Appellant Poehlmann at the time of the occurrence in issue was the president of the village of Morton Grove, Cook county. Peschke was the village marshal. About September 20, 1908, Poehlmann and the appel-lee, Schwarz, had an altercation, in which Schwarz was worsted. The testimony tends to show that on the evening of September 27th Schwarz, with a friend named Collins, was drinking in a saloon run by Schwarz’s brother, and that he there made threats against Poehlmann, indicating an intention to obtain revenge by “getting even” for the injuries he had received at the hands of Poehlmann. The bartender gave Schwarz and Collins each a piece of rubber hose, and they left the saloon together. The piece of hose carried by Schwarz is attached to the record as an exhibit. It is the ordinary rubber hose, about 21 inches long and 1% inches in diameter. One end is plugged by a piece of wood 314 inches long, and the other by a similar piece of wood 1% inches long. The end with *237the smaller piece of wood is evidently intended as the handle. It was made some time before this by Schwarz while tending bar for his brother, and he says its purpose was “to protect himself in case of a fight.” The threats of Schwarz and the fact that he had armed himself with this weapon were shortly thereafter communicated to Peschke, the marshal, who found Schwarz in another saloon and arrested him and locked him up in jail. Poehlmann was also told of Schwarz’s conduct, and told Peschke to place Schwarz under arrest, and was informed that that had already been done. As there must he another trial, we have narrated only the briefest outline of the occurrence.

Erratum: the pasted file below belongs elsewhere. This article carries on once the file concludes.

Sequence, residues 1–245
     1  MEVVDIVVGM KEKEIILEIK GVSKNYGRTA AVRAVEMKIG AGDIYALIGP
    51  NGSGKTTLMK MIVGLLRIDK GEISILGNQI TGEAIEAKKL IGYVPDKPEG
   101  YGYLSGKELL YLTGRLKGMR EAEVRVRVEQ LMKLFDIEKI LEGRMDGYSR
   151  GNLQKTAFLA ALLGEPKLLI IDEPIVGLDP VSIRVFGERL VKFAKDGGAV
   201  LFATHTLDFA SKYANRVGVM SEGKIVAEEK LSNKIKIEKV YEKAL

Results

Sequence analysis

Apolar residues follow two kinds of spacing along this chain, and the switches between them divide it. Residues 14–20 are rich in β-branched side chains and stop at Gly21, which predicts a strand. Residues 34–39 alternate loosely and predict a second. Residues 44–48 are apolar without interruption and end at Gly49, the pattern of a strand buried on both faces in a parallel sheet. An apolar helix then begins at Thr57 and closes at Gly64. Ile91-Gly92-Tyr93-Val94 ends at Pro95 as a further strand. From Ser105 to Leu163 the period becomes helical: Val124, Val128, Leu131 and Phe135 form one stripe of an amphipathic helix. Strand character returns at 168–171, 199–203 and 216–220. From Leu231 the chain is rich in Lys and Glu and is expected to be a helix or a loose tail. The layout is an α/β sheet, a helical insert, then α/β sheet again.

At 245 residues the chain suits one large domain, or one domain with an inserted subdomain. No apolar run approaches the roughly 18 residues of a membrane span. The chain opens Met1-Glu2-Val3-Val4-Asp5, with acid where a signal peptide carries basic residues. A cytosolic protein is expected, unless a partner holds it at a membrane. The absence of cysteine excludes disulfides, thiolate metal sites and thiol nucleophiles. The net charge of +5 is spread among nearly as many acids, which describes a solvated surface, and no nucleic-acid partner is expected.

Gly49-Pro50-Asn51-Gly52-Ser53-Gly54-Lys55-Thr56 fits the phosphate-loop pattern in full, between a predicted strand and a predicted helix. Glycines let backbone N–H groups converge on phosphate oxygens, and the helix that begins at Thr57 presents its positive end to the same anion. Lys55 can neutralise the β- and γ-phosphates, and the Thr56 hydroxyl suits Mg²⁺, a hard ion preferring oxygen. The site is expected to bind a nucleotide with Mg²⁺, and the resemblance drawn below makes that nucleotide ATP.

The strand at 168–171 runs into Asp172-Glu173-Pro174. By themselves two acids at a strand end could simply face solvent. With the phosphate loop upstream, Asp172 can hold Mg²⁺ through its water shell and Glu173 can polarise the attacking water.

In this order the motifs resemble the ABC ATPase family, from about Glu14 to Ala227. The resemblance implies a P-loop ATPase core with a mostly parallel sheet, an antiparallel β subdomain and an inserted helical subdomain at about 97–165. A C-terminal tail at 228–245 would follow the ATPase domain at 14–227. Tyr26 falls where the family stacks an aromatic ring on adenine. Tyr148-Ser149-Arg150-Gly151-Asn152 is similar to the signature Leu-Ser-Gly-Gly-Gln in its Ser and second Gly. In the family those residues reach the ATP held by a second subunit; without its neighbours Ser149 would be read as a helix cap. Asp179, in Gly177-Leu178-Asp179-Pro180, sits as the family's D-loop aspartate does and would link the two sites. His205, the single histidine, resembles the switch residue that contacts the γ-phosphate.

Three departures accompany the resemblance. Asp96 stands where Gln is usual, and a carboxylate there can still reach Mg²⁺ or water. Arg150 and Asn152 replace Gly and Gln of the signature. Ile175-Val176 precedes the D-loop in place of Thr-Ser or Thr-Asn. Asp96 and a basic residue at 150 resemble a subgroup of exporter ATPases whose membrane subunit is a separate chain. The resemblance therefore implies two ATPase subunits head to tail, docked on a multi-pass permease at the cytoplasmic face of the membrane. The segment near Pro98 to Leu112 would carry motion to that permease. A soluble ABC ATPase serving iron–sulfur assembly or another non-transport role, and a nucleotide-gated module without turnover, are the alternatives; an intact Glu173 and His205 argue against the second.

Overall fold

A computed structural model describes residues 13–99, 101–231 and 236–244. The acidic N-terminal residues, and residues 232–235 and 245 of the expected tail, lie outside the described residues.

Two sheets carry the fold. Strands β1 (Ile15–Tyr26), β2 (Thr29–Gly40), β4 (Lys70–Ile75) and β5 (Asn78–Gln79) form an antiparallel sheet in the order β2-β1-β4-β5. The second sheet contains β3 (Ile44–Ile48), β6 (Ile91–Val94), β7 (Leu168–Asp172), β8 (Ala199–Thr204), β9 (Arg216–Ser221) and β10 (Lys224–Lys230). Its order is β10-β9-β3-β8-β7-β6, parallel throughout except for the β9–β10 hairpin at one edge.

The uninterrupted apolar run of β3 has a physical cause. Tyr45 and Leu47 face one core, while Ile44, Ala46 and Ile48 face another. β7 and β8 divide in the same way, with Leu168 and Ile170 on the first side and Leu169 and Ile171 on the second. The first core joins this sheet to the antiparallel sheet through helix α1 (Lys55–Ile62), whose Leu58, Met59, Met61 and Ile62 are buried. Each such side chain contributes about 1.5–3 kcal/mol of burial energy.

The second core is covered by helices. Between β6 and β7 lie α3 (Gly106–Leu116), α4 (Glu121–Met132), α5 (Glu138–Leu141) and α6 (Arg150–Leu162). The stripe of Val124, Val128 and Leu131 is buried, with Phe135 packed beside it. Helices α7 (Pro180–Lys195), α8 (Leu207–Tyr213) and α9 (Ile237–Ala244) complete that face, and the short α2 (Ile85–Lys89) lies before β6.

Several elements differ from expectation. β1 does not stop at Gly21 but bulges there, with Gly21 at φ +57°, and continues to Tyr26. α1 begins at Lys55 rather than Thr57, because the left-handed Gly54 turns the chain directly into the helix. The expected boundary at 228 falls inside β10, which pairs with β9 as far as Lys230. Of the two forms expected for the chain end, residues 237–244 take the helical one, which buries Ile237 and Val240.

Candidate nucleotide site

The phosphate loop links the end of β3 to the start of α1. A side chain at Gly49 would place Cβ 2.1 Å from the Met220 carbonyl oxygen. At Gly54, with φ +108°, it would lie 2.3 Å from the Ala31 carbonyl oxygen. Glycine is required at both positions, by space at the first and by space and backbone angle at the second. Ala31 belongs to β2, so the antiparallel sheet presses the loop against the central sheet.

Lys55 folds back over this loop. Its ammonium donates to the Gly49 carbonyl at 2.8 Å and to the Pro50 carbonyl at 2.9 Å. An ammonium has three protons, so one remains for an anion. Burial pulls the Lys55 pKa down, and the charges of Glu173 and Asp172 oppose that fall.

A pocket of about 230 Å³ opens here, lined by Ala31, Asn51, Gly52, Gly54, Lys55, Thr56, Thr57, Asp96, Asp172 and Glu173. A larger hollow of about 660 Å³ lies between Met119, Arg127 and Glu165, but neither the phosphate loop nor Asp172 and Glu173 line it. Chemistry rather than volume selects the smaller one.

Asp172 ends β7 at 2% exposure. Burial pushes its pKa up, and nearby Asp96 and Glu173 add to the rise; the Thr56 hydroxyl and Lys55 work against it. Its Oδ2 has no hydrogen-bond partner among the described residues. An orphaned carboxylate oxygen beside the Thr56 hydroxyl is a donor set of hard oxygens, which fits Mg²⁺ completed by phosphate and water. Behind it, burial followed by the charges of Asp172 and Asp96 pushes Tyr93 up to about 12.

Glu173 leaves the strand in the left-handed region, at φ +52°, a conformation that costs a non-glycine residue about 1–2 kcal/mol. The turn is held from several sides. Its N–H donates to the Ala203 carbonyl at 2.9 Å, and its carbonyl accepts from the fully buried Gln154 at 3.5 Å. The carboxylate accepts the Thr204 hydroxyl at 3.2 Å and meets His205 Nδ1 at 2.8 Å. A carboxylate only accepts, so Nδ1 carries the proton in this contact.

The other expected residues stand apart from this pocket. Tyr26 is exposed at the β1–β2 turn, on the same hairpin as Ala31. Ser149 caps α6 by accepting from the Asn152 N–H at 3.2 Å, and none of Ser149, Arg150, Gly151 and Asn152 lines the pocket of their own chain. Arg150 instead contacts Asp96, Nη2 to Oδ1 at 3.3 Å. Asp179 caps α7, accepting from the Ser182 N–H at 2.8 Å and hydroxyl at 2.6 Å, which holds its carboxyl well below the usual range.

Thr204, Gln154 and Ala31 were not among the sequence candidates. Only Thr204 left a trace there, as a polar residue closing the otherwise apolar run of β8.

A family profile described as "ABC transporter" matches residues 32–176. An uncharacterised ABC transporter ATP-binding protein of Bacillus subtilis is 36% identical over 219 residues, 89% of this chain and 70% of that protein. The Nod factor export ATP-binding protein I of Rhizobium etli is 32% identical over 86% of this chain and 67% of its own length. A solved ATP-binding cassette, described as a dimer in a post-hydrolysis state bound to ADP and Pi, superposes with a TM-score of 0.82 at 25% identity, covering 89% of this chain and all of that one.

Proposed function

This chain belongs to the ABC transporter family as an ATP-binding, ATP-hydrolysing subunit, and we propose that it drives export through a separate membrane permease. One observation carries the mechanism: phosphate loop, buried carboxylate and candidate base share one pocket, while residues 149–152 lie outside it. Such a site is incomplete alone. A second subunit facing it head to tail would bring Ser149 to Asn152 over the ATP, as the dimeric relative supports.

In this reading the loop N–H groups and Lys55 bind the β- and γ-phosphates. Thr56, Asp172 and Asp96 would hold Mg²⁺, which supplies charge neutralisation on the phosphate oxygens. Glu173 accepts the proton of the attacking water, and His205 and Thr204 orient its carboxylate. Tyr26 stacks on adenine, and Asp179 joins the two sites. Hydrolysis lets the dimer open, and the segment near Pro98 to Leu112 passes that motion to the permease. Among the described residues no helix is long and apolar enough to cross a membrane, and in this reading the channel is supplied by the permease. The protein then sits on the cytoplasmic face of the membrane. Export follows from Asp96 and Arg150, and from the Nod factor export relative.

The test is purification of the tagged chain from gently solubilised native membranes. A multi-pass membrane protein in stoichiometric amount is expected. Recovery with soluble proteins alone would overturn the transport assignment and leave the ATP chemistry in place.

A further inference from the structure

By the criminal code, division VI, section 4, it is provided that “An arrest may be made by an officer or by a private person without warrant, for a criminal offense committed or attempted in his presence, and by an officer, when a criminal offense has in fact been committed, and he has reasonable ground for believing that the person to be arrested has committed it.” It follows, therefore, that Peschke or Poehlmann was authorized to arrest Schwarz for committing a criminal offense, if his conduct at the time amounted to such an offense. Paragraph 54-a of division 1 of the criminal code provides that “whoever shall have in his possession * * " any slung-shot or metallic knuckles, or other deadly weapon of like character, or any person in whose possession such weapons shall be found, shall be guilty of a misdemeanor. ’ ’